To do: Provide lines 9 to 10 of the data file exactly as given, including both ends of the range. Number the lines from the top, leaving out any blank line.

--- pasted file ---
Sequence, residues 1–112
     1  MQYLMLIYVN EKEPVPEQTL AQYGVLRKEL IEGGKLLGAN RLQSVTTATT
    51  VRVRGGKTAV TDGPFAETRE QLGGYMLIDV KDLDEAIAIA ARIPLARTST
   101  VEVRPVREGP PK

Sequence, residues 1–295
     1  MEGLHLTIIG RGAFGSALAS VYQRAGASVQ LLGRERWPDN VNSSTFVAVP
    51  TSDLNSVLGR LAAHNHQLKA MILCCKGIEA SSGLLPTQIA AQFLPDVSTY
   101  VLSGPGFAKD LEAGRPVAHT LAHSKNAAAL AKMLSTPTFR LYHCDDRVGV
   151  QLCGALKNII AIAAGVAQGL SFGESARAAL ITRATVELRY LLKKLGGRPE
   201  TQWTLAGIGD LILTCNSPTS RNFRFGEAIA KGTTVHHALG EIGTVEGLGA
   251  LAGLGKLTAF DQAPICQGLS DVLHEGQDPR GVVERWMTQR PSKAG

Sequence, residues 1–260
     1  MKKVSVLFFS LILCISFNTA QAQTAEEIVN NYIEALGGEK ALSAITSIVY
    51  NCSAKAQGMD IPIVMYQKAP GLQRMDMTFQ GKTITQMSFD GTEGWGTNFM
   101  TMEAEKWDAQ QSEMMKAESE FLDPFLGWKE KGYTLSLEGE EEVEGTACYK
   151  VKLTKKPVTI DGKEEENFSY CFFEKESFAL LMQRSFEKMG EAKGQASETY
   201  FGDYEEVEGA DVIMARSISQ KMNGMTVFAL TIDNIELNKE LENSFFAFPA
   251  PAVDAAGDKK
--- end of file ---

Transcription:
   151  QLCGALKNII AIAAGVAQGL SFGESARAAL ITRATVELRY LLKKLGGRPE
   201  TQWTLAGIGD LILTCNSPTS RNFRFGEAIA KGTTVHHALG EIGTVEGLGA